2022 E&C Hotline Benchmark Report Insights: Gorillas in Our Midst

July 21, 2022
This article was taken from ComplianceLine’s 2022 Ethics and Compliance Hotline Benchmark Report. Get more information here!

Selective Attention

Selective attention refers to the human inability to focus on more than one thing at a given time. When a certain stimulus consumes an individual’s attention, it often becomes nearly impossible to see anything else.

In a famous psychological study, subjects were asked to count the number of times a group of people in a video passed a basketball, then were asked what they had seen. Strangely, an extremely low percentage (as low as 8% in some tests performed) noticed the woman dressed in a gorilla suit walking through the scene. In the course of our review of the past four years of Environment, Health & Safety (EHS) concerns, an interesting pattern emerged between EHS and Privacy reports after the pandemic began. 

Take a look.

Heeding Headlines

In mid-2019, several large-scale data breaches were in the headlines (American Medical Collection Association, Capital One, Equifax settlement), and we saw a corresponding rise in Privacy/Infosec reports starting around this time, a category that had remained relatively stable over the previous years analyzed. However, this rise was halted as COVID-19 consumed the headlines and shifted focus and concern toward the pandemic and its unknown associated risks.

As protocols started to take effect and employees began to live on Zoom in a WFH environment in Q2 2020, we saw two new huge data breaches — 267 million Facebook profiles popping up on the Dark Web and cyber attackers breaching Zoom for more than 500,000 users’ credentials6 — thrust data privacy back into the collective consciousness.

Utilizing Gorillas

The point is, for almost every major secular increase/decrease in EHS reporting rates, there was an opposite decrease/increase in Privacy/Information Security concern virtually in the same month. No other issue categories mirror the EHS reporting trend so closely or consistently.

When people focus on one thing they can easily overlook something else. Incidents reported through your intake channels tend to correlate with the headlines. You probably noticed an influx of sexual harassment reports during the #MeToo movement in late 2017, for example, and the monthly composition of your reports over the last year likely mirrored that which was top of mind for your workforce. 

This cognitive bias ingrained in all of us presents an opportunity for Ethics & Compliance teams to gain significant traction on important initiatives, but it requires employment of the “Headline Effect.” Remember what it was like during the height of the pandemic, when COVID-19 was in every headline — it was all anyone was talking about.

Carpet-bombing workplace retaliation, for example, with an omni-channel campaign attacking it from all angles can not only keep it top of mind for your workforce, but also cause people to focus on it — seeing it anywhere it exists and weeding it out. The E&C team of the future is one that understands human psychology and behavioral science and uses them to its advantage to drive an authentically ethical workplace culture forward in sustainable ways.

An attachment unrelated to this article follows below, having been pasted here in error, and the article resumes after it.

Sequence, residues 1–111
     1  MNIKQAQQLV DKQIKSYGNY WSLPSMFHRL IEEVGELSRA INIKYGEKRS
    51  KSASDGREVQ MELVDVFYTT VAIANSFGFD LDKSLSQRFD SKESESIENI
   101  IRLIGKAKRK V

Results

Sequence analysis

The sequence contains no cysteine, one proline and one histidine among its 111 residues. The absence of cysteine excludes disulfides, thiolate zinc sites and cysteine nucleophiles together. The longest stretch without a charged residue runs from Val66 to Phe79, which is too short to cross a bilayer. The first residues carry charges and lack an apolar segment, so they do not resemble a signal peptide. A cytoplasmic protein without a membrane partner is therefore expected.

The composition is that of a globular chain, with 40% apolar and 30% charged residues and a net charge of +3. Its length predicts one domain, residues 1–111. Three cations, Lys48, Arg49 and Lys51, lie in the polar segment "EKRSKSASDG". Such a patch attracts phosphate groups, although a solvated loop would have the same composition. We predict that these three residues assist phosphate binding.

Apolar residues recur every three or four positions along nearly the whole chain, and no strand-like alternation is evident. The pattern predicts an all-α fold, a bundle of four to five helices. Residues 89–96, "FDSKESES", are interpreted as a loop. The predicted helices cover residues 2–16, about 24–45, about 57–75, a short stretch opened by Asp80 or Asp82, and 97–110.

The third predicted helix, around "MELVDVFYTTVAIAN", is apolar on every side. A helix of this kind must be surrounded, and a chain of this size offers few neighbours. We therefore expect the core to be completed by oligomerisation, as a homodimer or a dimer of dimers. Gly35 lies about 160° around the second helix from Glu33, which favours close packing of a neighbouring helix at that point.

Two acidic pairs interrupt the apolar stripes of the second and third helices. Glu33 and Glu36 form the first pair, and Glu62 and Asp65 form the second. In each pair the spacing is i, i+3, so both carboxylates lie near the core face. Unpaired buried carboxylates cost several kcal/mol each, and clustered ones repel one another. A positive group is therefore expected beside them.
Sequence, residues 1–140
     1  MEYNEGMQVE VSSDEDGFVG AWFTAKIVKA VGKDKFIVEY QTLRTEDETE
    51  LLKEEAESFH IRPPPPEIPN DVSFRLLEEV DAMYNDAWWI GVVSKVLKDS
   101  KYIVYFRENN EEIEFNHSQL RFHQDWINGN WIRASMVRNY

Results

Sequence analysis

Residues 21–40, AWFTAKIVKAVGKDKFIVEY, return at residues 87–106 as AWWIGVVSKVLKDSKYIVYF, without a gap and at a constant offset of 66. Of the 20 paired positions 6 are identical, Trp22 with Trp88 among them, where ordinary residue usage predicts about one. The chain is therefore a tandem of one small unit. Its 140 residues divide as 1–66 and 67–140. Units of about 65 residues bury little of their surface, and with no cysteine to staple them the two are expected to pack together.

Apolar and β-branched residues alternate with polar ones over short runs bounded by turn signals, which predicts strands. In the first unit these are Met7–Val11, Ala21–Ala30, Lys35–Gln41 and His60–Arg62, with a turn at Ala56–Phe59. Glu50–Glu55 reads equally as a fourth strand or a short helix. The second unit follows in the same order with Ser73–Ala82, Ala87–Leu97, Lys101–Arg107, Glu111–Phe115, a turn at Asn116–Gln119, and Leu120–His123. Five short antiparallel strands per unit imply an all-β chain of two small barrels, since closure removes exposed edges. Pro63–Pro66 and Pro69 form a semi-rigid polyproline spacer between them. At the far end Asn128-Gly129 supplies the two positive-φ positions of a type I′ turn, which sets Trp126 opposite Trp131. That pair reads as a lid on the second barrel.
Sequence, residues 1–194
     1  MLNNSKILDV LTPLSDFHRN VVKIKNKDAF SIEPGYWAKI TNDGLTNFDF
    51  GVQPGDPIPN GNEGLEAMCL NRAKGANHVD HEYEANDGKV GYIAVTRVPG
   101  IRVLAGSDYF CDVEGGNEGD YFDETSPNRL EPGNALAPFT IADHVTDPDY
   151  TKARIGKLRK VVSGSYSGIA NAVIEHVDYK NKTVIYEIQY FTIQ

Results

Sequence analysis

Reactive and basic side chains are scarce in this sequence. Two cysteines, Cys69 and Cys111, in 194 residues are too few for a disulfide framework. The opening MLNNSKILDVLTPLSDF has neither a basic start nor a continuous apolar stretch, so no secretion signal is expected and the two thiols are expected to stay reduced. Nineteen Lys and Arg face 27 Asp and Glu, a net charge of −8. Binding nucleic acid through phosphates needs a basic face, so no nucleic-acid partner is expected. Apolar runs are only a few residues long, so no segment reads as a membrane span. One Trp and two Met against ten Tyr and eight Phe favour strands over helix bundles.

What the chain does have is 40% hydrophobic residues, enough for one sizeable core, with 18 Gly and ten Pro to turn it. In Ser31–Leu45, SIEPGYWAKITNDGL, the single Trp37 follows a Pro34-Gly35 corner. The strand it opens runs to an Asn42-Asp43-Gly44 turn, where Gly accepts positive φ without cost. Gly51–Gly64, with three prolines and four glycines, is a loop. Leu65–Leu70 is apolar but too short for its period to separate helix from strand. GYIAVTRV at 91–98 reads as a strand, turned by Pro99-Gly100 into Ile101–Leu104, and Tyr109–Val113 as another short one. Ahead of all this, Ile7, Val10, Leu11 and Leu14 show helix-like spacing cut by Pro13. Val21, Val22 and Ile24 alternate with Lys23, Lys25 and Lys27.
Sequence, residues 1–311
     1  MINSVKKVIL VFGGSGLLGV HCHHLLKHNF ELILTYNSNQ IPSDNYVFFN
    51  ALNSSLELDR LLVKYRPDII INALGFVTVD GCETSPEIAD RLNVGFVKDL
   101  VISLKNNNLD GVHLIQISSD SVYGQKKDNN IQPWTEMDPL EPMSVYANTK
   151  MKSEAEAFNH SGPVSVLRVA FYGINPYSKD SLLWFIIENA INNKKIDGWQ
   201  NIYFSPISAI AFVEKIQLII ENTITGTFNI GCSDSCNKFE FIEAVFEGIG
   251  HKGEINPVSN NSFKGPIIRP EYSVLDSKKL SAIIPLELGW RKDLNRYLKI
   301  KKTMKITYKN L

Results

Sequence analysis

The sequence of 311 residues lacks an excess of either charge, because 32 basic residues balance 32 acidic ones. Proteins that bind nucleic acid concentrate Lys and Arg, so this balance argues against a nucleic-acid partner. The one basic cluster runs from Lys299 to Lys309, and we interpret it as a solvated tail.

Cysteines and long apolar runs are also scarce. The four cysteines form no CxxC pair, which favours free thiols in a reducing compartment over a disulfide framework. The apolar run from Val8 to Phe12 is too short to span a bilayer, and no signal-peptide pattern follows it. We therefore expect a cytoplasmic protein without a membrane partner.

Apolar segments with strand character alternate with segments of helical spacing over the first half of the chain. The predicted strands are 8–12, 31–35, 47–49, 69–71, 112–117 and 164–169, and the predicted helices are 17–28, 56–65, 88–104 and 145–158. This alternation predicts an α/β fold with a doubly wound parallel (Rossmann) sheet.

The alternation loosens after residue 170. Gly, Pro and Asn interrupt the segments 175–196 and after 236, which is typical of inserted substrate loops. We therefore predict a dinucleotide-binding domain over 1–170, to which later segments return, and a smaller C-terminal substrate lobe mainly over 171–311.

Want more actionable insights, data, and stats on the future of compliance programs? Get the ComplianceLine 2022 Ethics and Compliance Benchmark Report here.

[1] Simons, D. J., & Chabris, C. F. (1999). Gorillas in our midst: sustained inattentional blindness for dynamic events. Perception, 28(9), 1059–1074. Retrieved from https://doi.org/10.1068/p281059

[2] Osborne, Charlie. (2019, June 19). Data breach forces medical debt collector AMCA to file for bankruptcy protection. ZDNet. Retrieved from zdnet.com/article/medical-debt-collector-amca- files-for-bankruptcy-protection-after-data-breach/

[3] Alfred, N. & Serrels, M. (2019, July 29). Capital One data breach involves 100 million credit card applications. Cnet. Retrieved from cnet.com/news/privacy/capital-one-data-breach-involves-100-million-credit-card-applications

[4] Alfred, N. & Keane, S. (2019, July 22). Equifax to pay at least $575 million as part of FTC settlement. Cnet. Retrieved from cnet.com/news/privacy/equifax-to-pay-at-least-575m-as-part-of-ftc-settlement

[5] 5Abrams, Lawrence. (2020, April 20). 267 million Facebook profiles sold for $600 on the dark web. Bleeping Computer. Retrieved from bleepingcomputer.com/news/security/267-million-facebook- profiles-sold-for-600-on-the-dark-web

[6] 6EZShield Team. (2020, April 15). 500K Zoom Accounts Discovered for Sale on the Dark Web. Sontiq, Fighting Identity Crimes. Retrieved from https://www.fightingidentitycrimes.com/500-000-zoom-accounts-discovered-on-dark-web